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Back 4 Blood Improves on the L4D Formula With its New Card System

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Back 4 Blood Improves on the L4D Formula With its New Card System

Announced at The Game Awards just over a week ago, Back 4 Blood is a new co-op shooter game from Turtle Rock Studios, best known for releasing the ever-popular Left 4 Dead and Left 4 Dead 2 soon after that. Even to this day, L4D2 continues to be one of the best and most enjoyable co-op zombie shooter games to play on PC, and with Back 4 Blood, it’s clear that Turtle Rock is finally ready to refine that formula even further and take things to the next level.

I got a chance to check out the closed alpha over the weekend, and right off the bat, it certainly looks and feels like L4D2. The satisfying chunky gameplay is still intact; landing headshots with guns feels satisfying, as does lobbing off zombie heads with a machete or spiked bat.

The closed alpha gave me access to four different characters, each with their own passive perks to cater to different play styles. Evangelo is the slippery one; he moves fast, and has the ability to slip out of an enemy’s grab every few minutes. Holly specializes in melee combat, Walker is a tankier character with extra HP and extra ammo capacity, while Hoffman is more of a support character who can carry extra support and offensive items.

They all feel distinct, and even without any semblance of a story, they already feel every bit as charming and personable as the cast of L4D2.

The alpha only gave us access to Evansburgh, a level split into four different acts that get increasingly difficult. The level design still feels fairly preliminary for now, but you can rest assured that they’re long and gruelling, and if they’re not enough of a challenge for you, you can bump up the difficulty twice more to really put yourself through your paces.

Evansburgh takes players through part of an abandoned city where they’ll get to explore tall buildings, a swamp, a factory, and a ferry. Along the way, you’ll meet mutated zombies in the form of Bruisers, Hockers, and Retches, all of which come with L4D-esque abilities that will make you stop in your tracks. They feel fairly easy to kill, especially compared to L4D2’s mutations, but they’re still dangerous enough that you need to focus all your attention on them as they can make short work of your team.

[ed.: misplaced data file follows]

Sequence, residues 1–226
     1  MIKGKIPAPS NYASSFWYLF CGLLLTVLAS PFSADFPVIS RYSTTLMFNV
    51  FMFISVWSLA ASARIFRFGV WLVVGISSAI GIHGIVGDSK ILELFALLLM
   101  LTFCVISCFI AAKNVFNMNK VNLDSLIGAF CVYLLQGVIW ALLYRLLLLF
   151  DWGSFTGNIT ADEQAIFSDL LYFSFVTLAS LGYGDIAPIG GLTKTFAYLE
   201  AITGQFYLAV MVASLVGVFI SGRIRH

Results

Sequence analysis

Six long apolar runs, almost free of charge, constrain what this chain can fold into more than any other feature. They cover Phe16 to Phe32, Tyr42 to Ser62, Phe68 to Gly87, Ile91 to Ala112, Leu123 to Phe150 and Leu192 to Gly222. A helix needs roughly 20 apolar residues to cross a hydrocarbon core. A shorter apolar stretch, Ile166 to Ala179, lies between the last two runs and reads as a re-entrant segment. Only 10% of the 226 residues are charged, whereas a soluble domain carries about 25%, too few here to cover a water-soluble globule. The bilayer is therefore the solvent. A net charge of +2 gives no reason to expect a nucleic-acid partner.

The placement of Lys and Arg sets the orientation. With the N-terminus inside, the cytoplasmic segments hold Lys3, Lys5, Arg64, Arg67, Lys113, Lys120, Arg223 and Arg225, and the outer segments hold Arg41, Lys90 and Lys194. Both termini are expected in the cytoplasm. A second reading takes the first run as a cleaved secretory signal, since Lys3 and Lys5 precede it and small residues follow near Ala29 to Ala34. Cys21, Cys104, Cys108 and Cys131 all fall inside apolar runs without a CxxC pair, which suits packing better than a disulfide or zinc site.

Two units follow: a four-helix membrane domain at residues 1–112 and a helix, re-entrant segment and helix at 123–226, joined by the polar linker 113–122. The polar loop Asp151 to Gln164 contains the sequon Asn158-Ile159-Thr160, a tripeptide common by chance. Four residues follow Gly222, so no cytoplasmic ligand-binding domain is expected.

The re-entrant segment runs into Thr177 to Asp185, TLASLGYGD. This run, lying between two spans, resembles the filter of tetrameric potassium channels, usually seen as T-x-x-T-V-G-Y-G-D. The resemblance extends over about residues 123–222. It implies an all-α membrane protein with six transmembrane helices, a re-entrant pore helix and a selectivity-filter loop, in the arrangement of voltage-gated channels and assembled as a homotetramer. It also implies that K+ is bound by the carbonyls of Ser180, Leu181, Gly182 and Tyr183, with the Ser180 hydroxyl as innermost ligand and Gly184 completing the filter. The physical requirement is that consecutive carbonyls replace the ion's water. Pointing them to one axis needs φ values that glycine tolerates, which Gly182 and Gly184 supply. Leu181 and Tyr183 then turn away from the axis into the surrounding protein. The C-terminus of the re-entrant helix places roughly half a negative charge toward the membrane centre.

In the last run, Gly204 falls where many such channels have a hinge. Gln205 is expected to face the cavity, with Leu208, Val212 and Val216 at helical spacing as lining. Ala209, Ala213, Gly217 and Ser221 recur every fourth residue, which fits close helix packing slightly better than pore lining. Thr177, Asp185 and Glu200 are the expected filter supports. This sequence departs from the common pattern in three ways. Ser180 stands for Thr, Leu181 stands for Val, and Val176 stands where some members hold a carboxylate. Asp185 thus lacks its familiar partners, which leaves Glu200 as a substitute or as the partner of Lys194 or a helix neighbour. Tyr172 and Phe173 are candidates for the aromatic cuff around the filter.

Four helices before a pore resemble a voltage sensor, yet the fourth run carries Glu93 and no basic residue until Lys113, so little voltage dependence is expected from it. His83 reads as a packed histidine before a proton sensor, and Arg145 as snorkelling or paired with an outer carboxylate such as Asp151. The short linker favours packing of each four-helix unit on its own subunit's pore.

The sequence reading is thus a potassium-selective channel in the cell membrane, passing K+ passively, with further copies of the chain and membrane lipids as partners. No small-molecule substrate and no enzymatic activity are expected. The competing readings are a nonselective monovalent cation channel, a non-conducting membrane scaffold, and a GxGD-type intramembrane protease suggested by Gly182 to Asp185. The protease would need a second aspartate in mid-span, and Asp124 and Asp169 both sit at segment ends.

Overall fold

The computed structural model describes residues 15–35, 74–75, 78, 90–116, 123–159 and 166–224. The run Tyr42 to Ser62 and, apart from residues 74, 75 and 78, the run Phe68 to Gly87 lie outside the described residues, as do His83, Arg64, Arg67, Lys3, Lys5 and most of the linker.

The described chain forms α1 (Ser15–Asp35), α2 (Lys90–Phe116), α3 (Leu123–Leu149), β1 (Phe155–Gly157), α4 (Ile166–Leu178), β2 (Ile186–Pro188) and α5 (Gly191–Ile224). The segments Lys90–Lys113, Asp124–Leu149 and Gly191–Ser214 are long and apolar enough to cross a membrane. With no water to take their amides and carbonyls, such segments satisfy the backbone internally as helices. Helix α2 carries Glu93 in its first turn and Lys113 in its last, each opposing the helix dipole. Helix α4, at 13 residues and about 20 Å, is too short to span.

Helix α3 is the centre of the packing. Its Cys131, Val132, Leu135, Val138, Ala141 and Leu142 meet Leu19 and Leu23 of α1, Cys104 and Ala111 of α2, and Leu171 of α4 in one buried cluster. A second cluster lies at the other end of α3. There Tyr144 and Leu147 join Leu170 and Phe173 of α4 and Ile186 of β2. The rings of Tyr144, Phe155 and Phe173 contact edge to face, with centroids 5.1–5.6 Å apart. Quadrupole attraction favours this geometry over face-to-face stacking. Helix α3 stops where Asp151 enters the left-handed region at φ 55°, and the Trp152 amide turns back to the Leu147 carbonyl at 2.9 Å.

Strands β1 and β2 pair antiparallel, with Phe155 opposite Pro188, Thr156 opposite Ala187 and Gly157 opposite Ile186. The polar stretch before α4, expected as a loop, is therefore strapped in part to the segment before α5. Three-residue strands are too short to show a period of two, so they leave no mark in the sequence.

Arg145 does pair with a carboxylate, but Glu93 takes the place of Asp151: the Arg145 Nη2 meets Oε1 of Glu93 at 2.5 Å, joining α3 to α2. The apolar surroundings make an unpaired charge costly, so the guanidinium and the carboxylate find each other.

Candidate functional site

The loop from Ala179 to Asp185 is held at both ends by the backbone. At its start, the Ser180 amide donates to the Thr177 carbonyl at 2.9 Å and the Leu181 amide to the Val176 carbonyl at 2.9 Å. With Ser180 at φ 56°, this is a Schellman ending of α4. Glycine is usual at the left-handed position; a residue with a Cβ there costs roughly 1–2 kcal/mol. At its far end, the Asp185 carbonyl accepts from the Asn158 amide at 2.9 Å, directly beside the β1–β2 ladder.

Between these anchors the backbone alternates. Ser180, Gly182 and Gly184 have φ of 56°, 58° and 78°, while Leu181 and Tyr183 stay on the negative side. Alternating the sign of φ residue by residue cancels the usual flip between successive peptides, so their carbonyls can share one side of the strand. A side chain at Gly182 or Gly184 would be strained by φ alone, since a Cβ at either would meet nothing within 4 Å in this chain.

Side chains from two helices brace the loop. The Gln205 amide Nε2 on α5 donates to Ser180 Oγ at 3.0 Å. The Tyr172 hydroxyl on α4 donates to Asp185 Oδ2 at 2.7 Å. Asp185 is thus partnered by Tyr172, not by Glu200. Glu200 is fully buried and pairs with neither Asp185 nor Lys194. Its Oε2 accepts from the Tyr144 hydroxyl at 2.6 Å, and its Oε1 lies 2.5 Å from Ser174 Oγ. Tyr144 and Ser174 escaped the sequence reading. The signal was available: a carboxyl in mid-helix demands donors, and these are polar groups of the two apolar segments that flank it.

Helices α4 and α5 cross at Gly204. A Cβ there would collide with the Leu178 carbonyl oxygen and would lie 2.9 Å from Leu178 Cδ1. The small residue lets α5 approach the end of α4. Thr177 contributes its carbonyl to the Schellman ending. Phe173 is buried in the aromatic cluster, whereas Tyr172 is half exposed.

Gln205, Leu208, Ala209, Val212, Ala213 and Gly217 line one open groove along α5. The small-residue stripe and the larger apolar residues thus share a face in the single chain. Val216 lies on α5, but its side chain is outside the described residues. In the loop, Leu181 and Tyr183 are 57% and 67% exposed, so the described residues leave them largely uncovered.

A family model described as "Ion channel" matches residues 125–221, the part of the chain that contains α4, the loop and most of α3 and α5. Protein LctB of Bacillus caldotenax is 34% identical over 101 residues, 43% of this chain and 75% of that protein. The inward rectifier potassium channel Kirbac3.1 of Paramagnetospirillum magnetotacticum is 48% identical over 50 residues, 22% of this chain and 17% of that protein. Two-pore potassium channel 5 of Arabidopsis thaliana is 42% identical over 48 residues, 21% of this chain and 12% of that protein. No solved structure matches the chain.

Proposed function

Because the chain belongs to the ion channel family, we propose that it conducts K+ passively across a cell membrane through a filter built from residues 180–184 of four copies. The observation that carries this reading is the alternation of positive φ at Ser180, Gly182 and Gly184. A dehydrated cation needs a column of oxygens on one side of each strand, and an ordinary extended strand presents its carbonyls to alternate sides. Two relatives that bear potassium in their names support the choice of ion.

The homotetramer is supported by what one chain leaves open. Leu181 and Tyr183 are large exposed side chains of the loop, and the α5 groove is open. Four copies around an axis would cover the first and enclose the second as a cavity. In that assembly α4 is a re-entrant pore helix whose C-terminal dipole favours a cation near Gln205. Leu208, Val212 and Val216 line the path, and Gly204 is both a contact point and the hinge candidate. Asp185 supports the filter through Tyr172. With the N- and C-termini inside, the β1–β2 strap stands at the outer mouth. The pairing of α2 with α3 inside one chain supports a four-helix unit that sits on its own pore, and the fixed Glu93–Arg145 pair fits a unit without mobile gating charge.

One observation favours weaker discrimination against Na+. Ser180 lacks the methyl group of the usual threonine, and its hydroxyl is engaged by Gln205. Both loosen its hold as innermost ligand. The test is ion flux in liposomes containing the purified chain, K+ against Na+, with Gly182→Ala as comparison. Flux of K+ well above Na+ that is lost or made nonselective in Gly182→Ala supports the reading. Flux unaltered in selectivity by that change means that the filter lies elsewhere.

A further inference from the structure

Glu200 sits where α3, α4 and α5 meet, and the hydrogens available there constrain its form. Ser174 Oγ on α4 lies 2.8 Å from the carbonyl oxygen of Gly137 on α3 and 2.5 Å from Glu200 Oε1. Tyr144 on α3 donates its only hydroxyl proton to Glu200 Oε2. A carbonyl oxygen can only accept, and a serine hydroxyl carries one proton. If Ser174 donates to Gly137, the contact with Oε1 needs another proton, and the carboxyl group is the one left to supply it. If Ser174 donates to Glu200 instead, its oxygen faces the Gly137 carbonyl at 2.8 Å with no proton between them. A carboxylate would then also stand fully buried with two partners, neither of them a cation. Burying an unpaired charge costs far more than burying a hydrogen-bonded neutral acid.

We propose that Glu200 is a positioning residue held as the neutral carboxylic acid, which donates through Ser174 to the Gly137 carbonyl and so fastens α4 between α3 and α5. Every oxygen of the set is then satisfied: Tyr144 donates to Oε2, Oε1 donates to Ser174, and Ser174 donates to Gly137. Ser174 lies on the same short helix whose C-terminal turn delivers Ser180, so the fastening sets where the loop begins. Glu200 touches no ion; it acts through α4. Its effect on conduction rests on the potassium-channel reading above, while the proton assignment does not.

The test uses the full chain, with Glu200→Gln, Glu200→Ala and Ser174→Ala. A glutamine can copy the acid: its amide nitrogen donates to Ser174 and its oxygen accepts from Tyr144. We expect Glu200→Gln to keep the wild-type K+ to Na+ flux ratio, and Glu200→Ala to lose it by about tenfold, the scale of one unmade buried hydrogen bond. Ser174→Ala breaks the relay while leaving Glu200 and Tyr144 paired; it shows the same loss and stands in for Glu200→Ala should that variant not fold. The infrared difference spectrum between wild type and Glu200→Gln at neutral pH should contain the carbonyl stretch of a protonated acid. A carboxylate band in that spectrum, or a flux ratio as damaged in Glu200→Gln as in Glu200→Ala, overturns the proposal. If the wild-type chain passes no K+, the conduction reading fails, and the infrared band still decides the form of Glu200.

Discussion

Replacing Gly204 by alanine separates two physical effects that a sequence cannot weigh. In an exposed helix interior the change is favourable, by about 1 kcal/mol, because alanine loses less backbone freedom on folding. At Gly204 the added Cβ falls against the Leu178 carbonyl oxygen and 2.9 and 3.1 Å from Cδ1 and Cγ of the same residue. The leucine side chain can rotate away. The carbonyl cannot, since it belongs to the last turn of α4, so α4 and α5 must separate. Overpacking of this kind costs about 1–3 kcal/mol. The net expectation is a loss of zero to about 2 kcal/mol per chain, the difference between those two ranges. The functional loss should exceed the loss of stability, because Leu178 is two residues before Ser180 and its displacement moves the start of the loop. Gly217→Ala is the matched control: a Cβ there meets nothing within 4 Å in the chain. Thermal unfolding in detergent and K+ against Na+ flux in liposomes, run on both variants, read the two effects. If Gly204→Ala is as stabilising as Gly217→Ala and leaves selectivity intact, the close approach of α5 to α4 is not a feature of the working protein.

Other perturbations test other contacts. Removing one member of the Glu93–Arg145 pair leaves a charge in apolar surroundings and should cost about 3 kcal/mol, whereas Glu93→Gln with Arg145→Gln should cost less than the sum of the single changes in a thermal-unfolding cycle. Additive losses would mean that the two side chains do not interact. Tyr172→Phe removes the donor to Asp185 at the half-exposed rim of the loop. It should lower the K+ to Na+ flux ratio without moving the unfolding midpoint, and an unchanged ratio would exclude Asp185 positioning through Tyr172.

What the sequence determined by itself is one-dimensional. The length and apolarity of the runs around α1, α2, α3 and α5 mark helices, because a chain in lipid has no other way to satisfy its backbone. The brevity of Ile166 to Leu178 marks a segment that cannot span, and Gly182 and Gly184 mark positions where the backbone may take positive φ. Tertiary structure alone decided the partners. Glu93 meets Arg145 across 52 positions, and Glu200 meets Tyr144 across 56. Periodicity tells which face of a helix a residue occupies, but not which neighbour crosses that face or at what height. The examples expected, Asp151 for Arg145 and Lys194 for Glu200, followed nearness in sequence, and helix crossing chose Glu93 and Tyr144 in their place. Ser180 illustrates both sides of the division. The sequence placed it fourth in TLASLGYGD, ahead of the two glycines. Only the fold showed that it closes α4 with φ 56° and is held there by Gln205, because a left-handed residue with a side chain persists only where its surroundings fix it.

What’s new in Back 4 Blood is the introduction of the card and deck-building system. At the start of a match and each time you reach a safehouse, you can draw a card from a deck that gives you some sort of bonus in-game. Conversely, enemy cards are also drawn to make the matches feel somewhat randomized and more dangerous.

Enemy cards can shroud an area in fog, or spawn more runners and more armored enemies. Coupled with player cards, it was a blast to run through Evansburgh multiple times just because of the randomness of the cards and the excitement of seeing what you’d draw next.

For instance, Evangelo or Holly could become somewhat self-sufficient with a card that allowed them to restore 2 HP with each melee kill. When you pair that with cards that increase your melee damage, or give you more movement speed with melee kills, you can create a pretty powerful melee build and go through most of the level that way.

From the main menu, you can edit your deck to control the kinds of cards you’ll get to draw at each safehouse. You can go for cards that increase your chances of getting more Copper during a level, which can then be spent at a safehouse to buy items like grenades, defibrilators, and medkits. You can also purchase ammo, as well as weapon attachments to make your guns even more powerful.

The card and currency systems make Back 4 Blood feel fresh and exciting each time you run through the level, and with more characters on the way, this game certainly has the potential to surpass L4D2. At the time of writing, the only gripe I have is that some of the enemy randomizers can potentially make certain acts feel almost impossible to clear.

Case in point, the very final act of Evansburgh tasks players with planting two explosives on a ferry to blow it up, all while trying to fight off an endless horde of zombies. My team and I ended up beating our heads against the wall for this final task as it just felt like there was no way to punch through the endless waves of zombies, Bruiser after Bruiser, Retch after Retch.

It could very well be a case of us just needing to get better at the game, but considering how we were able to clear every challenge preceding that final level, it felt more like an unfair difficulty spike or a case of us getting unlucky with randomizers.

Either way, even in its alpha stage, Back 4 Blood shows a lot of promise. With more characters, stages, and some more polish, this could very well be the new zombie co-op shooter game to go to.

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